Pakistan Institute of Development Economics



Operations and effects of the generalized system of preferences. United Nations. New York. 1974. (Document No. TD/B/C-5/15).

Author: A.R. Kemal

The developed economies, except the USA and Canada, have each implemented a Generalized System of Preferences (GSP) in order to encourage exports of the developing countries. Since the tariffs imposed on the imports from the developing countries are relatively small under the GSP, the developing countries have an advantage in the exports of commodities covered by the GSP., The GSPs. of different countries vary in product coverage, depth of tariff cuts’, safeguard measures for the protection of domestic industry, and the rules of origin. For a •comparative analysis of the GSPs of different countries, an evaluation of the impact of the overall GSP on the exports of the developing economies, and of suggestions-for devising ways and means for expanding the exports of the developing countries, several committees were formed by the UNCTAD Secretariat. The Report under review is a collection of documents prepared by those committees, including document- Nos. TD/B/C-5.2 to TD/B/C-5.9. These documents are arranged under three heads, viz. General Report, Consideration of some inportant aspects of the GSP, and the Case Studies. The main issues discussed in these reports are: Special measures in favour of the least developed countries; Effect of the GSP on the tariff advantages enjoyed by the African countries associated with the European Economic Community (EEC); Analysis of the rule of origin; and Effects of the GSP of the EEC countries, Japan and the UK on the export earnings of the beneficiary countries.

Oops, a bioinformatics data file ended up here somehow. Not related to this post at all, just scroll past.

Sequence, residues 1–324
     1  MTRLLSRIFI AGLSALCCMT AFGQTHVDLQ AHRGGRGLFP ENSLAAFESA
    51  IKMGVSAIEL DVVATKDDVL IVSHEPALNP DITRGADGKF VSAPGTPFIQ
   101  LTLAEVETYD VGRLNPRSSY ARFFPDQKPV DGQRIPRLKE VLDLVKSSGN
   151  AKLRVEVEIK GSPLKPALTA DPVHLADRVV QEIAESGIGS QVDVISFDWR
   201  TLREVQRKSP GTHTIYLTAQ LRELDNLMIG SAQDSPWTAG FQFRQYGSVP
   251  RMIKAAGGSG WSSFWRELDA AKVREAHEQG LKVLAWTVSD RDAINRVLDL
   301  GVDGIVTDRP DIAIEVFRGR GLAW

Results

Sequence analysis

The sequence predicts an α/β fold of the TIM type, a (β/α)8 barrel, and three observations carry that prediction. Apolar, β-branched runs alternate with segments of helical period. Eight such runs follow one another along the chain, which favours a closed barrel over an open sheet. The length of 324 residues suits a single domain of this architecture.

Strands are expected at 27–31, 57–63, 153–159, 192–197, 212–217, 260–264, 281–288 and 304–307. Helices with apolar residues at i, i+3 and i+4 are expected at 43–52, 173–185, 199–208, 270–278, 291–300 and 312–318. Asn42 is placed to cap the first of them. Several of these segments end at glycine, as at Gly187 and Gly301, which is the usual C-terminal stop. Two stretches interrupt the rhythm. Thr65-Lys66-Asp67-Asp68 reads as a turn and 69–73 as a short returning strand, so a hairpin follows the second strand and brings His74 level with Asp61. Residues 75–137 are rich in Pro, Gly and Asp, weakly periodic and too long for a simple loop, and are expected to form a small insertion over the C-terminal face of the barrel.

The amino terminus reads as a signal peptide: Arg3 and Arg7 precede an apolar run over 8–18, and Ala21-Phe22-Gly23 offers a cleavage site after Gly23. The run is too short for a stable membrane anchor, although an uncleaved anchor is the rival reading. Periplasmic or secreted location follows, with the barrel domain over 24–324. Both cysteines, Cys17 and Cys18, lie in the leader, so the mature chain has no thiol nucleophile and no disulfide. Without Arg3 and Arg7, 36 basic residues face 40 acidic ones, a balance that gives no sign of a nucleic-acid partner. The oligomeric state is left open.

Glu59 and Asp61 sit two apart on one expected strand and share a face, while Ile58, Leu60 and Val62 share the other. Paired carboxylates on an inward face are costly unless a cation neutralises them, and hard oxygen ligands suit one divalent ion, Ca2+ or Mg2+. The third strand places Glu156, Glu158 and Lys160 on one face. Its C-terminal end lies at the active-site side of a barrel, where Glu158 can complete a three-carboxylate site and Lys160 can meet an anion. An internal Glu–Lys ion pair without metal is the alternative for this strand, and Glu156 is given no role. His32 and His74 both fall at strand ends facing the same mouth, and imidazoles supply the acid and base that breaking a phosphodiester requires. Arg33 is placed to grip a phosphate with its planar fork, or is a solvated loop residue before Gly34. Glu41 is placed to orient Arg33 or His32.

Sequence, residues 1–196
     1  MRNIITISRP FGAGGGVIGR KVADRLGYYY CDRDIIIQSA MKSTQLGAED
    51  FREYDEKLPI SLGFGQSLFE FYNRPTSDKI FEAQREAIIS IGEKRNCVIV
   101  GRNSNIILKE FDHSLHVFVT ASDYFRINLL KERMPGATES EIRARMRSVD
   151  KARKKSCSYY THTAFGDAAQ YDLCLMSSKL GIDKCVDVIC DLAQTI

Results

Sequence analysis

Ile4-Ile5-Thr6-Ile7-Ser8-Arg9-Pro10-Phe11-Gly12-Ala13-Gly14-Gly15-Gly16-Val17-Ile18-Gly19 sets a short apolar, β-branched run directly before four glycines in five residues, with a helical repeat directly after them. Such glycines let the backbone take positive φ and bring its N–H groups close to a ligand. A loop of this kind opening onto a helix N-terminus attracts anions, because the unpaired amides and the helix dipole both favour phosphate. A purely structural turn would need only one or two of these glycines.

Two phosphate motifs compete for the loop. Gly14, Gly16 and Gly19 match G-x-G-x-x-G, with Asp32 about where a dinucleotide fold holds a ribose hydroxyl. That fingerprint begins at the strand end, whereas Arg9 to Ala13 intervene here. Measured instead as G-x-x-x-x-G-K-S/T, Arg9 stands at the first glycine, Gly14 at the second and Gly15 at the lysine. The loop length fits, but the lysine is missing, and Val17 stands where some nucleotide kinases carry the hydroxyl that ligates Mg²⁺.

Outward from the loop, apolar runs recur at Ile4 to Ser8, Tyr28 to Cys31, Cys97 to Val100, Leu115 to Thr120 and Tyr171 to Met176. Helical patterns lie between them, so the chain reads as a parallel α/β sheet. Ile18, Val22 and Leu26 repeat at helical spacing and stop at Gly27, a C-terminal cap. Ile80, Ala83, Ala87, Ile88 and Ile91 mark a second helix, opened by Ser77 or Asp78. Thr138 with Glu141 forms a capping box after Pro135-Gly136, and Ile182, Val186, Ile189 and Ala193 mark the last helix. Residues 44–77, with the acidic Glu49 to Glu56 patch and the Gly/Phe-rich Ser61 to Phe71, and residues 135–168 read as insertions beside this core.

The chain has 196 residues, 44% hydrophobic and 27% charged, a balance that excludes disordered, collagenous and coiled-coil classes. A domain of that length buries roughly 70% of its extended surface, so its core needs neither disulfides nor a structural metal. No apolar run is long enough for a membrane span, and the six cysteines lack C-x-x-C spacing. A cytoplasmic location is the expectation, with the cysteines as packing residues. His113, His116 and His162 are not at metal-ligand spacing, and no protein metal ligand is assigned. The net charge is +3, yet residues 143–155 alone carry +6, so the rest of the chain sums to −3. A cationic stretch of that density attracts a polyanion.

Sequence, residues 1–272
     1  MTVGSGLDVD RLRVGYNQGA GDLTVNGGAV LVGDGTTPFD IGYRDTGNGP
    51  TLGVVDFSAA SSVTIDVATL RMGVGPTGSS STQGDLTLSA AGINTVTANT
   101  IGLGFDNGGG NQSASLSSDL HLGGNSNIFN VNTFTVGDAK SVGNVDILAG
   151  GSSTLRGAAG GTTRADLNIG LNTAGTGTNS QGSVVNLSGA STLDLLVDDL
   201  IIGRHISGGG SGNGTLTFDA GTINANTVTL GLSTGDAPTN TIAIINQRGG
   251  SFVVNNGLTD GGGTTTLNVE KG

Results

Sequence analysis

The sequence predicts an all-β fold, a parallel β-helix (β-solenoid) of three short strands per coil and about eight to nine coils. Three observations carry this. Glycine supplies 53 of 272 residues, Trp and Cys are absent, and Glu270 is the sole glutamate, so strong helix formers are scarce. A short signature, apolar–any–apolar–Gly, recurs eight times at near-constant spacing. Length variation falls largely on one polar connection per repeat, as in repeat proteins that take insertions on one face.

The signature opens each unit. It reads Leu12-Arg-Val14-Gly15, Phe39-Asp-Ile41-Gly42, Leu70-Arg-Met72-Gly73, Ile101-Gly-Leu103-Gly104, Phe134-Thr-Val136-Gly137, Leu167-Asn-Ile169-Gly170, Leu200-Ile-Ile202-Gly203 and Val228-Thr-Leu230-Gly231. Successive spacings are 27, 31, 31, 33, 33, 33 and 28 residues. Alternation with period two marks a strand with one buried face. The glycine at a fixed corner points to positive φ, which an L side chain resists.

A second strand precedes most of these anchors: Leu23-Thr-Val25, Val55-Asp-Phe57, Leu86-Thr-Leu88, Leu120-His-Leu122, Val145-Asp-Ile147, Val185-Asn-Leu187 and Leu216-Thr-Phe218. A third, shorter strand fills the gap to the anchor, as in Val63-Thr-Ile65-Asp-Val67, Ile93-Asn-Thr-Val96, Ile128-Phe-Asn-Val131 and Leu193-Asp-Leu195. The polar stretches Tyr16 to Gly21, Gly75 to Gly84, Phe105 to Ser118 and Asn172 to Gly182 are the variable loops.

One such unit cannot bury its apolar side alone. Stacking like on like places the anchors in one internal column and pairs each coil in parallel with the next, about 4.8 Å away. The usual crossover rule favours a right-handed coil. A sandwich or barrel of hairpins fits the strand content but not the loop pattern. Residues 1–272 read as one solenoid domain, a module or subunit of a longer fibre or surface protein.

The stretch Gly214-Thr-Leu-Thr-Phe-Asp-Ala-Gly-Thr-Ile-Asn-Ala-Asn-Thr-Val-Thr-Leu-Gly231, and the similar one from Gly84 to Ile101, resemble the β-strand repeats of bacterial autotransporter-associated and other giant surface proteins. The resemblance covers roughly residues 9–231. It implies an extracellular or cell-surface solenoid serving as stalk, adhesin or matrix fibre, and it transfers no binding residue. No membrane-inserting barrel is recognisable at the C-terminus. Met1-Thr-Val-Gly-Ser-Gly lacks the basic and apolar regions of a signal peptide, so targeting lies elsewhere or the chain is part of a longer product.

A.R. Kemal

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